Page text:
Hi, I have a 12 week old daughter who is rolling tummy to back, but not back to tummy. She is currently sleeping in a bassinet in our room, and her cot is set up in her room. She sleeps in her cot during the day for naps but in the bassinet overnight. I am aware of the recommendation for babies to sleep in parents room for at least 6 months but she needs to be moved out of the bassinet now she's rolling. Are we safer moving her to the cot in her own room or setting up a portacot in our bedroom for nights? We would be able to sleep in the adjacent room if she was to move into her own room in the cot.
Red Nose Education
Red Nose does recommend moving baby from a bassinet to cot (and to cease wrapping/swaddling) once rolling.
It is important that baby has the space of a cot & arms free to roll safely.
Most babies will be rolling over by 4- 5 months - some earlier. This is very normal as babies grow & become stronger.
Many babies then prefer to sleep on their tummy or side.
This is not something that needs to be stopped. It is important to make her new environment as safe as possible.
Once she is in her cot, ensure that the cot mattress is firm & flat & there is nothing soft or loose in the cot,
You could use a portacot for night time sleeps in your room, but remember that portable cots are generally recommended for temporary sleeps due to the wear & tear on a portacot (unlike like household cots)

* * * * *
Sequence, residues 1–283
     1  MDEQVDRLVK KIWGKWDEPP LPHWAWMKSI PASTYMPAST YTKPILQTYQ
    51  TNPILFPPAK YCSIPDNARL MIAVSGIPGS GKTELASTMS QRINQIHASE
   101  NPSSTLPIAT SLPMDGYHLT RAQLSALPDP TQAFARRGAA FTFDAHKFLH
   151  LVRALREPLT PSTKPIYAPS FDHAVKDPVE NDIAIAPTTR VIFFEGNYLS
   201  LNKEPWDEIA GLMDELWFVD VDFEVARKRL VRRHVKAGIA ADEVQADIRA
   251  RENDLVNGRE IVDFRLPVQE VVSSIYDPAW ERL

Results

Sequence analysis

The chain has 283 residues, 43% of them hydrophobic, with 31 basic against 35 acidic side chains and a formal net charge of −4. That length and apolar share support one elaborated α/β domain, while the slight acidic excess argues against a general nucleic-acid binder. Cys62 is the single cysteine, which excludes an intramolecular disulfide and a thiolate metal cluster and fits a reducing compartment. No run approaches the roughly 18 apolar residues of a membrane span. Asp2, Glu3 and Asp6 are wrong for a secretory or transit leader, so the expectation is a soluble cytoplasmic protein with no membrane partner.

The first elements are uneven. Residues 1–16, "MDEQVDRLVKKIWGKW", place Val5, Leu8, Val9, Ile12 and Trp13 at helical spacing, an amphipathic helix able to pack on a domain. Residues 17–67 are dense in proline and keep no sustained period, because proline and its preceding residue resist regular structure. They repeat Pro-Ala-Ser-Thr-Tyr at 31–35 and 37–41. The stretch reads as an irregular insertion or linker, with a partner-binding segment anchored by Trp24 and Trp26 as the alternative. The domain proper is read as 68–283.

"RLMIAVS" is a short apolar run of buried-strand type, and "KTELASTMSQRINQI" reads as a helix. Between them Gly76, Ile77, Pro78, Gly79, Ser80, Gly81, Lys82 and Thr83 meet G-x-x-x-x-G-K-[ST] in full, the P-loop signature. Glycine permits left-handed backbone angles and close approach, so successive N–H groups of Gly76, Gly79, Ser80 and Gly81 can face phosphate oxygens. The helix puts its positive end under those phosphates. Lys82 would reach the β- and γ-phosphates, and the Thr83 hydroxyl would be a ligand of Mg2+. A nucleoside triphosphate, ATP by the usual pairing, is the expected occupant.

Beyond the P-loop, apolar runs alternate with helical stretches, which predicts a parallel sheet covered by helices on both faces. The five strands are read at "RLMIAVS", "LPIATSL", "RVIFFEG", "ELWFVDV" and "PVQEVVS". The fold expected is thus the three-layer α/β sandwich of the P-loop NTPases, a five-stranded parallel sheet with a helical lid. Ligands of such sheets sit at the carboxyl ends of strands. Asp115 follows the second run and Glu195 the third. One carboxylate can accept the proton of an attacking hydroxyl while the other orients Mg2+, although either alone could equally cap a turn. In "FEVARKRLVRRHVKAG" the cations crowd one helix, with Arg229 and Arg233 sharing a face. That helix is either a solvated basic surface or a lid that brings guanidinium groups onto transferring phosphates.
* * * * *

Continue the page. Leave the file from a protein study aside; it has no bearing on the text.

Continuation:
Always continue to place baby on back to sleep.
Increasing tummy time when awake.
Many parents do use a bassinet for the first few months to facilitate room sharing, however, this is not always suitable, especially now that your baby is rolling.
Most bassinets are unsuitable for babies beyond 3-4 mths of age & a cot is important once baby is rolling.
Red Nose does recommend Room Sharing for the first 6 - 12 months as a way of reducing the risk of Sudden Unexpected Death in Infancy (SUDI)
However, the baby’s sleep environment would take priority over room sharing.
Red Nose has the following information
Parents are not expected to observe their baby constantly.
If your baby is sleeping in a separate room check baby regularly to ensure that the baby remains on the back and the head and face remain uncovered (as baby grows beyond 5-6 months they will move around the cot and roll over; settle baby to sleep on their back but let them find the sleep position they feel most comfortable in.
The protective effect of room sharing can be partially explained by increased adult supervision and observation of the baby.
Room-sharing facilitates a rapid response to a baby’s needs, and supports breastfeeding, and is more convenient settling and comforting of babies. It also provides closer mother-baby contact and communication.